Another well done part of the scripting is the wonderful deliberate stereotyping of the security services. The CIA are loud mouthed Americans who swear a lot and drive round in huge black cars, whereas MI5 drive Metros and are forever getting totally the wrong idea about what Major Grishina is up to. It is really the KGB who come off best, and actually become quite likable characters, with even the seemingly ruthless Major Grishina showing a softer side in the last episode.

The serial was written by John Flanagan and Andrew McCulloch, known to Doctor Who fans for creating a talking cactus called Meglos, and who had written Coasting for Cinema Verity. Sleepers is surely the best thing that they have written, achieving perfectly the careful balancing act between the seriousness and lightheartedness of the plot. Both writers actually appear in the series; Flanagan is a private detective hired by Albert's wife to try and find him, not believing her mother's claims that he's run off with another woman, and McCulloch is a friend of Jeremy Coward, a city drop-out now running island tours in north Scotland and who betrays the agents to the KGB.

The series was originally developed for a company called Flickers Productions. However, this company went bankrupt before production could commence so Flangan and Mulloch took the completed scripts to Verity Lambert at Cinema Verity.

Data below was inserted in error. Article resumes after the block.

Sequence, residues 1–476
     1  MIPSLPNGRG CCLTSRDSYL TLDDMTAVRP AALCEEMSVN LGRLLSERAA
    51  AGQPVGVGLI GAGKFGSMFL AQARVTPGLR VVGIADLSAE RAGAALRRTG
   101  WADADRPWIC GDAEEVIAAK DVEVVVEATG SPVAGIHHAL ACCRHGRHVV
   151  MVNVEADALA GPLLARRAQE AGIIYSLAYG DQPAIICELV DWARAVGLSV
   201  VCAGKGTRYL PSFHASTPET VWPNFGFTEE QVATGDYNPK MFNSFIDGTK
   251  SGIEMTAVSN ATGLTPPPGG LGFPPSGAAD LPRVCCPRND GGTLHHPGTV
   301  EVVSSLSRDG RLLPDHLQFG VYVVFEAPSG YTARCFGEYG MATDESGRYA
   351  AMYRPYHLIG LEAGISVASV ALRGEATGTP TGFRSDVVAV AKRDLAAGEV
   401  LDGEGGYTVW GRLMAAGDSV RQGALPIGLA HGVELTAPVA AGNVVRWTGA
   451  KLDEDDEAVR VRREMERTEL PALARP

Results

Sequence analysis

Stars of the serial are Nigel Havers and Warren Clarke as the two agents, both perfect for the parts. Havers' Jeremy Coward is an unlikable sort for much of the story, and a complete contrast to Clarke, who makes Albert likable and caring throughout. Pursuing them is Polish actress Joanna Kanska as Nina Grishina, known for her parts in A Very Peculiar Practice and Capital City. The UK based KGB agents are played by David Calder, a respected stage actor who had starred in Star Cops, and Richard Huw, who earlier in the same year had had the pleasure of playing a character called Wim in a revival of Van Der Valk. Also appearing is Michael Gough, in another of the strange old men roles that he made his own prior to becoming Batman's butler. He played Andrei Zorin, the man behind the scheme back in 1966, who has been assigned to a Soviet version of a mental hospital where he talks incessantly in British television phrases from the sixties.